The legion of injured posed an immediate problem. The area’s four civilian and four military hospitals, as well as seven private hospitals and infirmaries, were almost immediately overwhelmed, despite the help of surgeons and medical teams from ships in the harbour and local doctors working in their own homes, stitching, tending burns, setting broken bones and other procedures.
An emergency relief hospital was set up in the Y.M.C.A., Barrington Street, Halifax
[Lola Henry / Nova Scotia Archives / negative: N-7024]
“There were very few in the city whose face and hands were not cut with flying glass that came with the force of bullets,” soldier Alex Chisholm wrote to his parents. “We would go into a tottering house and find a wounded person pinned under some boards or beams with broken legs or arms, and some of them bleeding to death…. All the hospitals were soon filled and there was no place to take the wounded.”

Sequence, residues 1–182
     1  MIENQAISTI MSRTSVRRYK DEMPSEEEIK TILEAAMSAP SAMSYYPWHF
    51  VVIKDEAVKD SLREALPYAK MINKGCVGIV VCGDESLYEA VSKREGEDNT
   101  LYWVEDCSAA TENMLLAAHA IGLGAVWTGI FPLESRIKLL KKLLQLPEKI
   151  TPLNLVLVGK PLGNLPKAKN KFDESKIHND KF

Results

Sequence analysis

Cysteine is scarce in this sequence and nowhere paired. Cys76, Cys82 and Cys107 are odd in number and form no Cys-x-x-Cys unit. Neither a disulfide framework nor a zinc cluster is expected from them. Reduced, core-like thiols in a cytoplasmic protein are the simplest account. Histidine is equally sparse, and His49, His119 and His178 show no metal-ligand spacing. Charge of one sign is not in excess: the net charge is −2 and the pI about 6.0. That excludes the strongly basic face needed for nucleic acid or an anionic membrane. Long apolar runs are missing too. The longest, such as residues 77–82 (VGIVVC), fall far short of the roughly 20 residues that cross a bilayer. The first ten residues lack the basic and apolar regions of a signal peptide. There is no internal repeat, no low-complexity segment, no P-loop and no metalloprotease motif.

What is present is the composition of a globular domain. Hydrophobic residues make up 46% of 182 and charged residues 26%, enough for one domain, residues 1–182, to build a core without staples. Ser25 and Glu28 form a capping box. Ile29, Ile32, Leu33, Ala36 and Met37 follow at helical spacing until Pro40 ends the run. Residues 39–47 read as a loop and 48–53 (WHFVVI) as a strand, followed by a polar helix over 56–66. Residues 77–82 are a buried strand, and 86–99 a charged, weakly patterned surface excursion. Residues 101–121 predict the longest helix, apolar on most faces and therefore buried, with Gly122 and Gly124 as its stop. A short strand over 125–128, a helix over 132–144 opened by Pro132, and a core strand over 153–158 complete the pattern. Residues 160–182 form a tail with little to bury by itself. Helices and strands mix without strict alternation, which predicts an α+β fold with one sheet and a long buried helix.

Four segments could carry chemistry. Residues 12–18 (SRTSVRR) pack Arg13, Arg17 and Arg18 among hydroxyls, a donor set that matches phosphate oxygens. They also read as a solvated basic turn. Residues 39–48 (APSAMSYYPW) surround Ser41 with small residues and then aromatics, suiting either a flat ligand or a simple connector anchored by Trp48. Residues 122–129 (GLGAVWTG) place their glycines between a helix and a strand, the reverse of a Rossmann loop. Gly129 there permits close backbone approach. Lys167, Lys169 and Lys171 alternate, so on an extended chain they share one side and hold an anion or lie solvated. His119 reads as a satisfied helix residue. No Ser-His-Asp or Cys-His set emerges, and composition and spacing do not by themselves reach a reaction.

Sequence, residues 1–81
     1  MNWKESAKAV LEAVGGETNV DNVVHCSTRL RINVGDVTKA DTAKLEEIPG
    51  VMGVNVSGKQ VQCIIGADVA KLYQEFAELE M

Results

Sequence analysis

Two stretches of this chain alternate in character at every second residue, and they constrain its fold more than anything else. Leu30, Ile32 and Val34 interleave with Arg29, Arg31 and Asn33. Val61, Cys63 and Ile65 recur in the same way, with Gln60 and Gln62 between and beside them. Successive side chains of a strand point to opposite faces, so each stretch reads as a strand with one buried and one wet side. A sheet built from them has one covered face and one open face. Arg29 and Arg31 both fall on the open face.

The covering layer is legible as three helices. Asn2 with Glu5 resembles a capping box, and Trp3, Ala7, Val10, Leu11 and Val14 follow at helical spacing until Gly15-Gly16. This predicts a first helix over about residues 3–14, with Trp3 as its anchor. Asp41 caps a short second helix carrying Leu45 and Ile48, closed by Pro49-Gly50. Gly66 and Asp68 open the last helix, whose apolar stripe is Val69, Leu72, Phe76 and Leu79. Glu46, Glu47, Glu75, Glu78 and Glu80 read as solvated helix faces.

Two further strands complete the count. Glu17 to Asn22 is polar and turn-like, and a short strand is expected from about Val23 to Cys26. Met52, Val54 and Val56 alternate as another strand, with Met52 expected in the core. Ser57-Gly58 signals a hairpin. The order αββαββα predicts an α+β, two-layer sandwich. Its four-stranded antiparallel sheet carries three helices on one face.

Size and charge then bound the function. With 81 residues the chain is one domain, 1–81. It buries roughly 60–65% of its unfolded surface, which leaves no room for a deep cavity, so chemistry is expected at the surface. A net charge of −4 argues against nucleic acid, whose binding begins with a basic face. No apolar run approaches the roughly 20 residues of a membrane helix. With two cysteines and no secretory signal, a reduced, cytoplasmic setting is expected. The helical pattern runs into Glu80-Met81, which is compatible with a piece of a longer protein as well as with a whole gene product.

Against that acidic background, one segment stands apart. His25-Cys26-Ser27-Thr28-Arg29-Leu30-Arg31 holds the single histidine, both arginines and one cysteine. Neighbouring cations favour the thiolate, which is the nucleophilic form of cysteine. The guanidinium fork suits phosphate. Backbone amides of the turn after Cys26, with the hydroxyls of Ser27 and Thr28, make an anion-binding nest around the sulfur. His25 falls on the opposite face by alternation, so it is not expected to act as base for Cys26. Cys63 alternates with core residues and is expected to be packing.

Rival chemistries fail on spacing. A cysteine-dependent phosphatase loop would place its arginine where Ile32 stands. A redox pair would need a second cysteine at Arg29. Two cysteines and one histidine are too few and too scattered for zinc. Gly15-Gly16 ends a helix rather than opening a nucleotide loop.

St. Mary’s College, a boy’s school, was turned into a hospital where these children were treated.
[Courtesy William James / City of Toronto Archives / 1244-1782]
Anyone with first-aid knowledge was pressed into service. Crew and passengers from the newly arrived overnight train from Saint John, N.B., used emergency tools to dig people out, water from the engines to wash wounds and sheets from sleeping cars as bandages. When the train pulled out again at 1:30 p.m., it was filled with injured evacuated to Truro.
“Management of the wounded...was a triumph for the Military Medical Service in Canada,” wrote Sir Andrew MacPhail in his 1925 official history of the service. “All military hospitals were instantly opened to civilian patients and the district medical stores supplied every need.”
Within 10 hours, wrote MacPhail, army engineers, the ordnance corps and medical service personnel, with help from American sailors, transformed an officers’ mess into a fully equipped hospital for the Massachusetts Medical Unit of the U.S. National Guard. It even had a kitchen. Such co-operation similarly transformed the USS Old Colony into a floating hospital; its surgeons treated 150 on the first day.